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Stop Shaming Your Shame

Are you interested in finding a way out of your self-defeating thoughts?

Photo by Julia Taubitz on Unsplash
Source: Photo by Julia Taubitz on Unsplash

Trauma and shame are inextricably tied together, so it makes sense to eradicate shame. But how do you do so? For most people, including therapists like myself, I had viewed shame as a scourge, to not only be eradicated but to be vilified, demonized, and shamed.

But in recent years, I have been unconsciously taking a softer approach, by embracing my shame. I wrote a poem on the need to redefine shame and our approach to it. Here are a few of the lines from the poem:

I used to hate my shame.

Run away from it, hide from it,

ignore it, deny it,

pretend it’s not there.

Now like a parent to a child, I embrace it.

The typical response to one’s shame is to excoriate it. In other words, to hate it with all of one’s being in the hopes that banishing the shame to the netherworld will increase our self-esteem and relieve us of trauma and/or addictions or compulsive tendencies. Others may prefer to live in denial and refuse to notice the shame in their lives. Regardless of which approach is taken, the consequences are the same: a continued cycle of internal turmoil, agony, and sense of defeatedness.

But strangely enough, the true way out of shame is not to shame that part of you further but to do what sounds intrinsically counterintuitive, to love it. Like the line in my poem, you must find a way to embrace it like a parent lovingly does so with a child. While I somehow understood this on an intellectual level from my poem, it wasn’t until more recently that I truly understood it on a gut level.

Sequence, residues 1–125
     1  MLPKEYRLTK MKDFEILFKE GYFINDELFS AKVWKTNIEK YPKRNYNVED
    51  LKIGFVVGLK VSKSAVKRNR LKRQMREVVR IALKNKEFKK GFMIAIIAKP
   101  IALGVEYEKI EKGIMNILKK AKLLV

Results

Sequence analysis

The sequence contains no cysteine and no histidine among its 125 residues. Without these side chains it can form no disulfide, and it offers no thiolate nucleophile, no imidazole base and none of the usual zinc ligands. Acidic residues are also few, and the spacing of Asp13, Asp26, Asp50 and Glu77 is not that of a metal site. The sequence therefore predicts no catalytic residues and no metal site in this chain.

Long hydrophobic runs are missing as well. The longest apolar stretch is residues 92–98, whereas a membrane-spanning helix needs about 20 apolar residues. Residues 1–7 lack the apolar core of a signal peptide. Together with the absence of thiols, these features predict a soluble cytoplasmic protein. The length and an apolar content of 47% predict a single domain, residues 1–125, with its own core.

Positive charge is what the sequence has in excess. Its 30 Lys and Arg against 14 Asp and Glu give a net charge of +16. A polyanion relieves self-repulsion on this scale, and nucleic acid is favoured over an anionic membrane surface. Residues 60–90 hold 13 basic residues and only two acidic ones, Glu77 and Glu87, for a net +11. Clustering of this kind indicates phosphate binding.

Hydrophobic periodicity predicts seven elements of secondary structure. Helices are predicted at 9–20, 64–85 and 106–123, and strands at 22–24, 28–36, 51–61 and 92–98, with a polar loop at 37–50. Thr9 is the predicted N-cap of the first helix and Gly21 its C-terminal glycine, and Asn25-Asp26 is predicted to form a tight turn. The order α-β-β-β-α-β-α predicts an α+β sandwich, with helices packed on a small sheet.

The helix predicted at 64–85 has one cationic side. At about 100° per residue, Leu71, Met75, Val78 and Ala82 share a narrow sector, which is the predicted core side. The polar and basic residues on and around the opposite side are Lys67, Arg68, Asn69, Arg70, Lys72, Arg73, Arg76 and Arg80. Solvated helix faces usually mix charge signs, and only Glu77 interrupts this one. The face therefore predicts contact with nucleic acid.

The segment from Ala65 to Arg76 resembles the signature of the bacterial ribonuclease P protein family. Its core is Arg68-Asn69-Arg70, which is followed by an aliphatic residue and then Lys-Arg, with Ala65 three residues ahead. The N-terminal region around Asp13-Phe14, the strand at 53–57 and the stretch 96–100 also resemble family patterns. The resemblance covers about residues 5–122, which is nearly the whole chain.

There’s a way of looking at life and our problems conceptualized by Dr. Richard Schwartz as Internal Family Systems. Under this framework, we learn to separate our True Self or “Wise Mind” popularized in Buddhist and other mindfulness practices from our “parts.” The key in trauma and addiction work especially is the premise that there are no bad parts. Not only are there no bad parts but for healing to occur, it’s essential for us to see how even the parts that currently cause destruction, pain, and torment (i.e. the shame part, the critical part, the addict part, the suicidal part, etc.) at one point may have been helpful or at the very least the intent of the part was genuine in its desire to be used for good. But over time, these parts internalized and misinterpreted social, cultural, religious, or familial messages, thus leading to destructive and negative consequences.

In my own life, I had once viewed “Asian shame” as a curse. But using this framework, I can see the shame I internalized was once meant for good as a young boy growing up as a first-generation Chinese-American immigrant. The shame was originally designed to do the opposite: help me remember my ancestry, to honor my heritage, and be proud of my ethnic background. But due to both societal (external) and family (internal) forces, I saw this shame as something “bad.” Societal messages that Asians are perpetual foreigners and “the other” combined with Asian cultural messages of honoring my family at any cost left me feeling inadequate. This is the shame that snowballed with the accumulation of racism, prejudice, and implicit cultural burdens for success, honor, and emotional stoicism.

For clients, the same premise holds true. Clients learn to first engage what they deem as their more “negative” parts (i.e. the angry part, the bulimic part, the depressed part, etc.) with non-judgementalism and an air of curiosity. Once this is achieved, then the psychic door opens to exploring the original function of these parts, how much they have been working overtime, and finding new and more productive roles of these parts. But once again, this process requires honoring, loving, affirming, and showing gratitude to these parts that have been beaten down over the years. Once love, mercy, and compassion are genuinely communicated between a person and their past vilified parts, true healing begins. No more shaming the shame. No more shaming the suicidal parts of you. No more shaming your eating disorder part. No more shaming the beauty within each part. Instead, embracing that shame can be transformative.


No Bad Parts: Healing Trauma and Restoring Wholeness with the Internal Family Systems Model